By: Allison Graham
There is a simple way to be a more interesting conversationalist, be a more approachable leader and feel less overwhelmed.
Just stop telling people you’re busy.
There is no doubt you are busy. You will always have too much to do with too few resources. The demands on time and talent are being stretched to maximum capacity, especially for those who work in the association industry. With this small shift, you’ll find a gradual, yet definite, improvement in conversation quality, approachability and control over your unending items on your agenda.
To be clear, this article is not about stopping the busy – you may thrive on being busy; many high-achieving professionals do. This article is about encouraging you to run an experiment. What happens when you stop continually reinforcing your busy life to anyone who will listen?
I look forward to hearing your results in my session: Embrace Your Inner Resiliency Ninja at the CSAE Summer Summit 2019. when I’ll share fresh concepts to master everyday resilience so that you can lower unnecessary stress.
Here are some reasons why ditching the word busy from your vocabulary can lead to a less stressful life.
Escape boring and be more interesting.
Hallways, coffee shops and cocktail parties are littered with the ho-hum, superficial conversations that inevitably point out the busy lifestyle each person is leading. “Busy” has become the default answer to the default question, “How are you?”
Challenge yourself to share a more interesting response that can be a springboard to a better conversation. It will make it easier to initiate a more meaningful connection.
“Excited, just finished a project I’ve worked on for months.”
“Great, I’ve been taking time to get to know my board better this year.”
“Happy for the change of pace and getting to be here at the CSAE Trillium Summit 2019.” (Hint hint: See how I snuck that in there?)
“Dazed, confused, and living on the edge.”
ANYTHING is better than “Busy.”
When you choose better words, you can create better solutions.
Reinforcing how busy you are can lead to additional feelings of being overwhelmed. Having lots to do is just the way life goes, it doesn’t mean you need to allow it to cause unnecessary stress.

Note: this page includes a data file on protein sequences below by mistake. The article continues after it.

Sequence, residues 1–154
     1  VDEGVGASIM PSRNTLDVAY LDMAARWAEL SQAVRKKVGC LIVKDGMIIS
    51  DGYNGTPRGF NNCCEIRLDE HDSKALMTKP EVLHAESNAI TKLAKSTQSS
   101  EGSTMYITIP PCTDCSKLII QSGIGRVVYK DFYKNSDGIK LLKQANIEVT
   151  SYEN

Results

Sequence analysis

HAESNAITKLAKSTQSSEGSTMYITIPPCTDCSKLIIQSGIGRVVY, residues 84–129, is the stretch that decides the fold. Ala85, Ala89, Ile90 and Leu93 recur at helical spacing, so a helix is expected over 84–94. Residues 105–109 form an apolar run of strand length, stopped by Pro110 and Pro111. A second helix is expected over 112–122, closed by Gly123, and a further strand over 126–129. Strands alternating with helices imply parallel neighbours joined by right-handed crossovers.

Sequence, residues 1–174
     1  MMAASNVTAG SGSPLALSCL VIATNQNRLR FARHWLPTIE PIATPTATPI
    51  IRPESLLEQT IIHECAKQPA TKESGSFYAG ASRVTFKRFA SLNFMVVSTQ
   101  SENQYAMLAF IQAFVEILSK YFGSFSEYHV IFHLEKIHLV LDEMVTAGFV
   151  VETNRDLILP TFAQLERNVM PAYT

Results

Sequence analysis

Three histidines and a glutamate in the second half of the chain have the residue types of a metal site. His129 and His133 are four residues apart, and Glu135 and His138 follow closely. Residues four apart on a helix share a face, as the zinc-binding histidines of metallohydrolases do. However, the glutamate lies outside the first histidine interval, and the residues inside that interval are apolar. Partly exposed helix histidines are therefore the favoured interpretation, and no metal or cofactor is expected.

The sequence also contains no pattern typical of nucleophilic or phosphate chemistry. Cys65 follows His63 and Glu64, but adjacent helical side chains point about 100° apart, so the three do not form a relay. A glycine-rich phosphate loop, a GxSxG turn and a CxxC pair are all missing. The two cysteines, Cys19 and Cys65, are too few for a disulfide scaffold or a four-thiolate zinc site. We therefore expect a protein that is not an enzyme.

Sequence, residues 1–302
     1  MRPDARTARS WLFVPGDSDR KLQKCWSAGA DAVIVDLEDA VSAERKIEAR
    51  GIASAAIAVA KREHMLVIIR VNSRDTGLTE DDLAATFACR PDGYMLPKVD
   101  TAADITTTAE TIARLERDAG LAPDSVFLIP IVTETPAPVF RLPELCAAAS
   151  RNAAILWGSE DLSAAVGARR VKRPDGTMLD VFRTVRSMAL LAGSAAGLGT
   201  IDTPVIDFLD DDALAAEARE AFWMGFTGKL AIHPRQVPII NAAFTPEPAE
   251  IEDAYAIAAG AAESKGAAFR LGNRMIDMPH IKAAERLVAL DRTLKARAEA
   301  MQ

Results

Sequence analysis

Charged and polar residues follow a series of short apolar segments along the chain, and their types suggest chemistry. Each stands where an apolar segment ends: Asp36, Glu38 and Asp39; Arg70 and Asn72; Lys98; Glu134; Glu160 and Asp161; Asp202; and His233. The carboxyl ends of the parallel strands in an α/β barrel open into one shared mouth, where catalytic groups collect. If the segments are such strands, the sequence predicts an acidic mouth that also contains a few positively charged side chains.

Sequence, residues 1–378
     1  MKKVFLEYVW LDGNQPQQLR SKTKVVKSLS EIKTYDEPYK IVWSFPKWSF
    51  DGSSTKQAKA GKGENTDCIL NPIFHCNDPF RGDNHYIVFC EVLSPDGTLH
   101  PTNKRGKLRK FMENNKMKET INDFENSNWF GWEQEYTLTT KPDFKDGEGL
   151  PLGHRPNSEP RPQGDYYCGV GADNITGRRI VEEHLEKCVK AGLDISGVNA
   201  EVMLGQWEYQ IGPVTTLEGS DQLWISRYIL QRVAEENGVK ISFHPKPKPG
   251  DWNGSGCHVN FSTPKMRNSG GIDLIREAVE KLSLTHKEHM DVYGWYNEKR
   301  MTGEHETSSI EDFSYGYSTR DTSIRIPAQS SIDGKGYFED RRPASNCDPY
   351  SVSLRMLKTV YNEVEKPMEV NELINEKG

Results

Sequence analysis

Walking into the office from the parking lot, a friend explained that she was too busy. She wouldn’t get anything done that day because she was hosting a workshop and had several meetings. I asked if running workshops and meeting with people was part of her job responsibility, which it was. So really, what you mean is you’ll get a lot of teaching and meeting with people done today. She stopped in her tracks. It was a small shift in perspective that allowed her to approach her day in a more engaged, less resentful of busy, way.
After having this conversation about word choices with one of my clients and her tendency to tell everyone she was so busy and so stressed, she realized that her team had adopted the attitude that the organization was too busy already. That meant they stopped developing business. Talk about an unintended consequence of telling everyone you’re swamped.
You’ll be more approachable.
Telling others that you’re busy can discourage them from connecting with you.
When speaking to a few hundred mid-managers from a large company, I asked, “Who has NOT gone to their leader with an important question, problem or idea because they believed he or she was too busy to talk about it?” A shocking number of people raised their hand.
The natural follow-up question was, “Who is sending the same message to their team that they are too busy for questions, problem-solving or innovative ideas?”
The challenge is that most leaders want their team to bring important issues to their attention and innovate better ways to do things. Then they unintentionally push them away because they are always in the weeds of being too busy.
I notice it too. I’ve had conversations with colleagues who go on about how busy they are, so I’ll rush the call to let them get back to their tasks rather than focusing on making the connection.
Improve your personal brand.
There are many factors that contribute to your personal brand, which is best defined as the gut reaction people have about you. Having ‘really busy’ as your reputation is not ideal. Telling others that you’re busy will not positively differentiate you from others in the industry, rather, it could backfire. Saying you’re busy can come across as complaining, because “busy” is not generally a positive attribute. It is a phrase that can make us feel important because we have lots to do, when really, it sends the message that our schedule is out of control and boundaries are not being created. That makes it harder for people to entrust you with new opportunities.
While the busy nature of your work, with conflicting priorities and too much to do with too few resources will not change anytime soon, you can mitigate the unintended consequences of saying you’re busy by choosing a more interesting way to communicate with others.
Run the experiment. For the next 30 days, delete the word busy from your vocabulary. Challenge yourself to find a new word and see how that shifts your connection with others.